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Northern Rhodesia: The Post-War Background, 1945–1953

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Chapter Summary

During the last two years of World War II the mines were badly run down: existing workings were yielding diminishing grades of ore, and large-scale development was needed to gain access to ores of a quality which would - as in the later 1930s - compensate for the high costs of transport. The price paid for Northern Rhodesian copper by the British government had been based on the dollar price, and the sterling price rose accordingly. After nearly thirty years, large-scale, deep-level mining in Northern Rhodesia was beginning to pay off. By 1951 all four copper mines were paying dividends. The main political issue in Northern Rhodesia after the war was of course the territory's relationship with Southern Rhodesia, where a white minority had enjoyed self-government since 1923. The post-war prosperity of Northern Rhodesia attracted white immigrants.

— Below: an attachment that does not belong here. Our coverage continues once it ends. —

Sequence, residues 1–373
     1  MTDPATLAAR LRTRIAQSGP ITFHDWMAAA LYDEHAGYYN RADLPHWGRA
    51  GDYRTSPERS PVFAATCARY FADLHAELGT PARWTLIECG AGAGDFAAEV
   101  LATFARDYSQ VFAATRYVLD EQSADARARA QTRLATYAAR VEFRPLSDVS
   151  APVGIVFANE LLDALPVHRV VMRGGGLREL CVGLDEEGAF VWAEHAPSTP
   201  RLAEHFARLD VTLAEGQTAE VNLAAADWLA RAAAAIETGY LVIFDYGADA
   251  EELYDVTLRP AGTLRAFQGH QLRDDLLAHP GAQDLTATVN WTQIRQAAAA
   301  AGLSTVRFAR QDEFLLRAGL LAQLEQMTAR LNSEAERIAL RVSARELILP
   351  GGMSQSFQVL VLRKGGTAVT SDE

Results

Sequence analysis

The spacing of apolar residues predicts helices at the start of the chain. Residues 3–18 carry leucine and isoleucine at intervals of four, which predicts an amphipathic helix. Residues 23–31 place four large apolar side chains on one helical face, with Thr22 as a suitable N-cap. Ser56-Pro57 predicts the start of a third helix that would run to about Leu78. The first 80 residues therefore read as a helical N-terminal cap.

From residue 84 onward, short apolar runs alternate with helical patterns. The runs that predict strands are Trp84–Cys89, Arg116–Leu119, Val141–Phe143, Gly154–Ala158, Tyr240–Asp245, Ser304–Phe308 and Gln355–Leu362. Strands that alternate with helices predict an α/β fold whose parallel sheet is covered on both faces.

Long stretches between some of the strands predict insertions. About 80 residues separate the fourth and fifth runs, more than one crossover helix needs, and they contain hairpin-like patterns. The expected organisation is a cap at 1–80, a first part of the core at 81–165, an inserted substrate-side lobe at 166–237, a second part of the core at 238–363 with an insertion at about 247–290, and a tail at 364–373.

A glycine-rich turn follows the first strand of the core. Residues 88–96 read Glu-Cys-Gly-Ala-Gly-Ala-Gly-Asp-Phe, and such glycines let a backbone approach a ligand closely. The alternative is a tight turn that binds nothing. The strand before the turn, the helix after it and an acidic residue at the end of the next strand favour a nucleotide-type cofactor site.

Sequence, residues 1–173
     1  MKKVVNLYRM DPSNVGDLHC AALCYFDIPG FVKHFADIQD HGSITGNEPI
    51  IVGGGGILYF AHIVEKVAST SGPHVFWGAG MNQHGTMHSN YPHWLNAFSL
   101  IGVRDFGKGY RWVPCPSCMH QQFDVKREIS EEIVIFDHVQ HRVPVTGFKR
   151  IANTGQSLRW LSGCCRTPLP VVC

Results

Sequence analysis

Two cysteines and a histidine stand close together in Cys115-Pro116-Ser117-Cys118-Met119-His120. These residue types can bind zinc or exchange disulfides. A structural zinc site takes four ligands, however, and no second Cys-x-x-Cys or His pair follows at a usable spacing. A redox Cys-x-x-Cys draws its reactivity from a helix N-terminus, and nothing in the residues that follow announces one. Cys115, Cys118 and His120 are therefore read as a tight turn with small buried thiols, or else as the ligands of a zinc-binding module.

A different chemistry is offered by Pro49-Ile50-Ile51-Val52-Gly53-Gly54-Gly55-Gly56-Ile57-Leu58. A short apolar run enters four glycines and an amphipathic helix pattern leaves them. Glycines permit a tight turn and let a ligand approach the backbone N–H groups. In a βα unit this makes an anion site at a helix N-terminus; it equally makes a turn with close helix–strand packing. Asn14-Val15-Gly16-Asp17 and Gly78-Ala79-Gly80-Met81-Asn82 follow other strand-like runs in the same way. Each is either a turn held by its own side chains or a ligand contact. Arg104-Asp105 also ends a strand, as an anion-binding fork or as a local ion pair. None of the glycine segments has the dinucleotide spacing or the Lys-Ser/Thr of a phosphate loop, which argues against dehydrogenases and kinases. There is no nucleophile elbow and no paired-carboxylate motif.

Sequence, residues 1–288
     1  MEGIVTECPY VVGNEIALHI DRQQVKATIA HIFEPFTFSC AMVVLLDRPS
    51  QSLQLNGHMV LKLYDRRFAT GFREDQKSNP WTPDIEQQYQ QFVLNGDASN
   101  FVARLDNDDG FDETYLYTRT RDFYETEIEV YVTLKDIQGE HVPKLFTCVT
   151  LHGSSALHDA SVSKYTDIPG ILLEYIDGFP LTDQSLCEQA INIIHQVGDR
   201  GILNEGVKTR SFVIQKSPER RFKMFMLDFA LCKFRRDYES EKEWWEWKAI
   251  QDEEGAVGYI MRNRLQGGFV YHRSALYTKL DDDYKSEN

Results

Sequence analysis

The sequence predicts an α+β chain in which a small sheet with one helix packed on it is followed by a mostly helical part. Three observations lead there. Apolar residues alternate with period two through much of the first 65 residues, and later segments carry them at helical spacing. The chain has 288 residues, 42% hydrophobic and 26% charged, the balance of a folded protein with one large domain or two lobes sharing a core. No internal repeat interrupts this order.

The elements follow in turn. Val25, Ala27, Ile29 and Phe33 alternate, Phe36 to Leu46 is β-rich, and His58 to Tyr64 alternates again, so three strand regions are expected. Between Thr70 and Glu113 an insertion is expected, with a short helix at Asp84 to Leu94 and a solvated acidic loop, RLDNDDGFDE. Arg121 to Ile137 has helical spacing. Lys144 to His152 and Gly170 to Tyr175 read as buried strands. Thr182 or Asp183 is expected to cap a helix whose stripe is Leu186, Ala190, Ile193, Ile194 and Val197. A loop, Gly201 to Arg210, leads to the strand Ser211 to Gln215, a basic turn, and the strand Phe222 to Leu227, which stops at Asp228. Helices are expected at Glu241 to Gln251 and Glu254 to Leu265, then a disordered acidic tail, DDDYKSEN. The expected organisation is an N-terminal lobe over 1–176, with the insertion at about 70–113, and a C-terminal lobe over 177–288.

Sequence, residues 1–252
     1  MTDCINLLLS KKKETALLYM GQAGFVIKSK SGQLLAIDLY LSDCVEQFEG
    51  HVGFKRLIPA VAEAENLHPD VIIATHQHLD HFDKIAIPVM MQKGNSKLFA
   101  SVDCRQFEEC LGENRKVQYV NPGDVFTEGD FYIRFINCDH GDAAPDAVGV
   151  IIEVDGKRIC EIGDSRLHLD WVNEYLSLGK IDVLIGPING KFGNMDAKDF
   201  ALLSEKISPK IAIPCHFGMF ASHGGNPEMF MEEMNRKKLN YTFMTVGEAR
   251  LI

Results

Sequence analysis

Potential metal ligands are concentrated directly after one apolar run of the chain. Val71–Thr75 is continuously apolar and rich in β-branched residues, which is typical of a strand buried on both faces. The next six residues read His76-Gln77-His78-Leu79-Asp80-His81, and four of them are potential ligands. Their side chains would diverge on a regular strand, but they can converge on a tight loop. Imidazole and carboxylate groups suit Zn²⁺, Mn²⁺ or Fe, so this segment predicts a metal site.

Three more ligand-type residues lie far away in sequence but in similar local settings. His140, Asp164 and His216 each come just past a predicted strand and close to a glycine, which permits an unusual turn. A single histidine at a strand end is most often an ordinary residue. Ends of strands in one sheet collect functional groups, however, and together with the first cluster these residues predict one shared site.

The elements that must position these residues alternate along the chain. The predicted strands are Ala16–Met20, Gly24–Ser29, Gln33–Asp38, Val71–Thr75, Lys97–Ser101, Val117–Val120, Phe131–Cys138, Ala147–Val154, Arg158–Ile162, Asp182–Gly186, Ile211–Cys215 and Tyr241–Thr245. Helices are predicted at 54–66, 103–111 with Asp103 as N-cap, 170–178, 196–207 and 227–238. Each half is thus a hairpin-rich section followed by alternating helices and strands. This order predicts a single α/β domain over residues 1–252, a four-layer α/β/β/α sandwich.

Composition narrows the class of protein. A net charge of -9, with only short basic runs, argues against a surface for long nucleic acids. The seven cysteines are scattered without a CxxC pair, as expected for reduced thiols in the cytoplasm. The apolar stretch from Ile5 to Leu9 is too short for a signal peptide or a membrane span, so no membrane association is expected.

Keywords: British government; Northern Rhodesia; Post-War; white immigrants



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